A five-member Supreme Court (SC) bench on Monday reserved the verdict on a set of petitions challenging the military trials of civilians following violent protests in the country after PTI Chairman Imran Khan’s arrest on May 9.
Justice Ijazul Ahsan was heading the bench, which also included Justices Munib Akhtar, Yayha Afridi, Sayyed Mazahar Ali Akbar Naqvi and Ayesha A. Malik.
Earlier, a six-judge bench had heard the matter but after the retirement of former chief justice of Pakistan (CJP) Umar Ata Bandial, the bench was reduced to five judges.
On Sunday, at least nine accused facing trials under the Army Act moved the apex court for early conclusion of their cases by the military courts. In their separate applications, the suspects pleaded that they have complete faith and confidence in the military authorities to provide justice to them and to other accused persons.
Following the violence on May 9 which targeted civilian as well as military installations, a total of 102 persons were taken into custody for their involvement in the attacks on military establishments, including the General Headquarters in Rawalpindi, corps commander’s residence in Lahore, PAF Base Mianwali, and an ISI office in Faisalabad.
At the outset of today’s hearing, Attorney General for Pakistan (AGP) Mansoor Usman Awan came to the rostrum and said that he would present arguments on why a constitutional amendment was not required in the case at hand.
“A trial in military courts fulfills all the requirements of criminal courts,” he said. He said that the military trials of civilians had formally commenced. He said that the verdicts issued by the military courts would also detail the reasoning.
The AGP said that a matter concerning an attack on a restricted area or building could also go to military courts.
At one point, Justice Ahsan asked, “A constitutional amendment was required to try terrorists but not for civilians? I am trying to understand your argument.”
AGP Awan said that if the accused had a “direct link” to the armed forces, then a constitutional amendment was not required. He said that the suspects would be tried under Section 2(1)(d)(ii) of the Official Secrets Act.
He then noted that the court had raised a question about the framing of charges against the suspects. “All the requirements of a criminal case will be met in the trial under the Army Act,” he said.
He further said that the trial of May 9 suspects would be similar to how it is conducted similar in criminal courts. “The reasoning will be given in the verdict and the evidence will be recorded,” Awan said.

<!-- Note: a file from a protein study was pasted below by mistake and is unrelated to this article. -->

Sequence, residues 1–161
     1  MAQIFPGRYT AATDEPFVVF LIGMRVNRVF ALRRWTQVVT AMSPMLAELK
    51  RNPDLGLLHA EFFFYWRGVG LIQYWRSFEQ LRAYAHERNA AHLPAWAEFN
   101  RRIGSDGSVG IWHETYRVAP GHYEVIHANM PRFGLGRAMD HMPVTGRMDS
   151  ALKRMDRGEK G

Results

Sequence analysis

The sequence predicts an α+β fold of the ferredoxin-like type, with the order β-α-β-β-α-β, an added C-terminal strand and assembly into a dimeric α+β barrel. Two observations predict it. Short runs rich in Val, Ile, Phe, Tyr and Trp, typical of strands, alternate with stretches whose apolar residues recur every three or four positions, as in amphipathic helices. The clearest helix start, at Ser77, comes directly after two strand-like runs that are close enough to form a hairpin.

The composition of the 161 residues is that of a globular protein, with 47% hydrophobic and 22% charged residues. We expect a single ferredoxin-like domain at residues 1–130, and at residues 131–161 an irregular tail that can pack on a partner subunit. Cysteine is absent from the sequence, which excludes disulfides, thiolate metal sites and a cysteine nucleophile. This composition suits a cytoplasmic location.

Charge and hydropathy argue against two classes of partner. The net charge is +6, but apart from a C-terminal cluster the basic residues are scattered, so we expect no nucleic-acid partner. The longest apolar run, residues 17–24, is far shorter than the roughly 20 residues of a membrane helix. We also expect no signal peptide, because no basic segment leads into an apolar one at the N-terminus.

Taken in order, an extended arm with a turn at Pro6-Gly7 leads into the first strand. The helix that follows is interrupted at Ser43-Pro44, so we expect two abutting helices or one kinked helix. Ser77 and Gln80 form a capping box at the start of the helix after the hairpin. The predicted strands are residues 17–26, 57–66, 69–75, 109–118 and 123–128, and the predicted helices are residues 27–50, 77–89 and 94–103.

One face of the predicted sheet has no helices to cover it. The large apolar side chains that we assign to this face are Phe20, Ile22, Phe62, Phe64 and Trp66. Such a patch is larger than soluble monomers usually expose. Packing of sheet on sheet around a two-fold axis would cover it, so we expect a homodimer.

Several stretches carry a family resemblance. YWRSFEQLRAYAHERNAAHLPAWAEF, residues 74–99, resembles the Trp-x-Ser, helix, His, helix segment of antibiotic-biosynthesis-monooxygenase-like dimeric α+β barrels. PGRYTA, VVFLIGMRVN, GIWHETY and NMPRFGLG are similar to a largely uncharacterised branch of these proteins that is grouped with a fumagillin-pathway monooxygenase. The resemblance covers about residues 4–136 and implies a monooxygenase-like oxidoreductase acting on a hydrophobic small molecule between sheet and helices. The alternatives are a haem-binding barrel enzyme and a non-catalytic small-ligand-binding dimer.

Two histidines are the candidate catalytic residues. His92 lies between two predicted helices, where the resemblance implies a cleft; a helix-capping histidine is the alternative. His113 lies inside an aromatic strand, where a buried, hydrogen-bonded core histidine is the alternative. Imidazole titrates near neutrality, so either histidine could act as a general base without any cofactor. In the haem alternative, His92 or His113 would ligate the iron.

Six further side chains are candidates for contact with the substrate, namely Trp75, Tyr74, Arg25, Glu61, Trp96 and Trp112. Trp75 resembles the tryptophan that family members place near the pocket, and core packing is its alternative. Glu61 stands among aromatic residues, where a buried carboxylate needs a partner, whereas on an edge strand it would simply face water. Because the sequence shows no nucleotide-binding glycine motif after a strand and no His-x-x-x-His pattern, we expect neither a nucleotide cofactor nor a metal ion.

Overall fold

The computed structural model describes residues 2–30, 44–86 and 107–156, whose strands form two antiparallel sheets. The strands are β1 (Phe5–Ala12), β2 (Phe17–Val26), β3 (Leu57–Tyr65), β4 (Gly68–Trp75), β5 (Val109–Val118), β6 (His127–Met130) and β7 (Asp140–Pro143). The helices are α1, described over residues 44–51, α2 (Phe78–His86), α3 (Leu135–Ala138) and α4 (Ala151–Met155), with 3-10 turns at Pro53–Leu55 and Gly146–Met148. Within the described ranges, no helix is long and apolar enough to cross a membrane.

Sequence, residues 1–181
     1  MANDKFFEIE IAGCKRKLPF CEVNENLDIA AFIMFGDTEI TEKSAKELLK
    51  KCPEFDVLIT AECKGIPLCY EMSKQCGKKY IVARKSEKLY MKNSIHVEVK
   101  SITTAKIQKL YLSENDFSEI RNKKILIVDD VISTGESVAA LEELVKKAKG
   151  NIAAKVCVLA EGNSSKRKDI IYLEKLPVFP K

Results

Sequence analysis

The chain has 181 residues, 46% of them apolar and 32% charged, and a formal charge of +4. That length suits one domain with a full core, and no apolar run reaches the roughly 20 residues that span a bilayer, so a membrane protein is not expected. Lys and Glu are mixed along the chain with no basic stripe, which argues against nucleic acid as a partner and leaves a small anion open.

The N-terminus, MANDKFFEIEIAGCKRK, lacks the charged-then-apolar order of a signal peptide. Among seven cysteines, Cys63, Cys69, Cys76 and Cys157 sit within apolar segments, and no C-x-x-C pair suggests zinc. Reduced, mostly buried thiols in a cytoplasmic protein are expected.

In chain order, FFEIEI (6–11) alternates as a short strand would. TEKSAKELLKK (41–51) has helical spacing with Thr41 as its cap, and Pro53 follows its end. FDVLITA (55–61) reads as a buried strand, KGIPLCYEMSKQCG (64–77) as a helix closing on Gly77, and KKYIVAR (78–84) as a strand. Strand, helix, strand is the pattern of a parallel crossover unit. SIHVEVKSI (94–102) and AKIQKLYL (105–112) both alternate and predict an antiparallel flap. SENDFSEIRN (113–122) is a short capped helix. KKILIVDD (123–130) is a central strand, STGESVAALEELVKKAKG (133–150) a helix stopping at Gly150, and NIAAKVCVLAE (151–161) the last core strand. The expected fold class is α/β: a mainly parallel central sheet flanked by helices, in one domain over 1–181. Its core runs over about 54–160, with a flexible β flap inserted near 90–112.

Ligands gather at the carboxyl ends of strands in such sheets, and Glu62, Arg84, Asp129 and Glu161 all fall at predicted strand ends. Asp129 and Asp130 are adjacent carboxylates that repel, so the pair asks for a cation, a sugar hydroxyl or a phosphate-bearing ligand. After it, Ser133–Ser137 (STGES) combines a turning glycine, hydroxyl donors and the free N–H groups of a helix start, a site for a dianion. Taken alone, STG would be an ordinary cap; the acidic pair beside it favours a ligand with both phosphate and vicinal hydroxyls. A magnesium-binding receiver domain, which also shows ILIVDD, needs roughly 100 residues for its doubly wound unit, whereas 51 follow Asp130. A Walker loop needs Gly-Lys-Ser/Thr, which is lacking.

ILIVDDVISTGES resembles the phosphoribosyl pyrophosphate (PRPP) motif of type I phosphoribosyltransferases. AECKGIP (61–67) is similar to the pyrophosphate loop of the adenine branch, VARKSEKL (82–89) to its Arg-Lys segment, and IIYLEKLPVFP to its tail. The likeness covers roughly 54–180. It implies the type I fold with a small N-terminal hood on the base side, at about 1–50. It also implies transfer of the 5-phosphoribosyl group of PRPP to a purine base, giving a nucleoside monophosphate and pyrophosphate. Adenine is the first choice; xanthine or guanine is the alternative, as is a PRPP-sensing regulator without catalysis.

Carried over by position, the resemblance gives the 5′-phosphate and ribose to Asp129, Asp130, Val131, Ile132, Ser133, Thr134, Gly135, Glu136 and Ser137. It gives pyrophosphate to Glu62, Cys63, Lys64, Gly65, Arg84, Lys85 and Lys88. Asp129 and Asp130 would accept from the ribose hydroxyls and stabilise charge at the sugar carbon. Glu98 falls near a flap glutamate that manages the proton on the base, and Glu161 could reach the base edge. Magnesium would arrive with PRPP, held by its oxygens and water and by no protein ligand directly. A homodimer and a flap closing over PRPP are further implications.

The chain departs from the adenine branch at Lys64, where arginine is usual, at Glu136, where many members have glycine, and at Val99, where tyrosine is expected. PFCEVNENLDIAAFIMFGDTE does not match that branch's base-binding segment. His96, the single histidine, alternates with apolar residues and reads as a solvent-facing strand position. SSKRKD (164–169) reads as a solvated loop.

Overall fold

He said all the requirements for fair trial under Article 10-A of the Constitution would be fulfilled. He said that appeals against the verdict could also be filed in the high courts and subsequently the apex court.
During the hearing, Justice Ahsan asked about those who had been tried by military courts in the past. “Were the accused in 2015 civilians, foreigners or terrorists?” he asked.
The AGP replied that the suspect included both nationals and foreigners. He said that those tried in 2015 also included those who facilitated terrorists.
Justice Ayesha also asked the AGP how he would connect his arguments with Article 8(3) of the Constitution. “According to the law, a link to the armed forces in necessary [for trial in military courts],” she said.
Justice Ahsan remarked that the Constitution protected the fundamental rights of citizens.
The hearing of the case was put off indefinitely in August with ex-CJP Bandial saying that the court did not want to see Pakistan Army pointing their guns at civilians, since they were meant to defend the country and its people.
The observations had come when Attorney General for Pakistan (AGP) Mansoor Usman Awan emphasised that soldiers were equipped with sophisticated weapons and were trained to shoot, but they had exercised restraint on May 9.
Former CJP Jawwad S. Khawaja, senior counsel Aitzaz Ahsan, Karamat Ali, Zaman Khan Vardag, Junaid Razzaq, the Supreme Court Bar Association, PTI chief Imran Khan, Hafeezullah Khan Niazi, Lt-Col Inamul Rahiem, Naeemullah Qureshi etc have filed the petitions before the apex court.
After the Oct 11 upholding of the Supreme Court (Practice and Procedure) Act 2023, it is now a legal requirement that all cases moved under Article 184(3) involving interpretation of the Constitution should be heard by a bench consisting of not less than five SC judges.
And under Section 5 of the law, any decision by the five-judge bench could be challenged and any appeal in this regard could be filed within 30 days from the court order which will have to be fixed within a period not exceeding 14 days.
During earlier hearings, the SC had turned down the government request to constitute the full court consisting of all available judges.
Recently an application had been filed by Junaid Razzaq with a request to fix the military courts’ case as early as possible since he had been informed that the trial by military courts of civilians had commenced in violation of SC directions not to commence the trial before seeking prior permission from the apex court.
The applicant pleaded before the court that early hearing of the matter will be in the interest of justice, otherwise if the trial of his son — Azam Junaid — commenced and concluded in haste, the petitioner would suffer irreparable loss.
Source : Dawn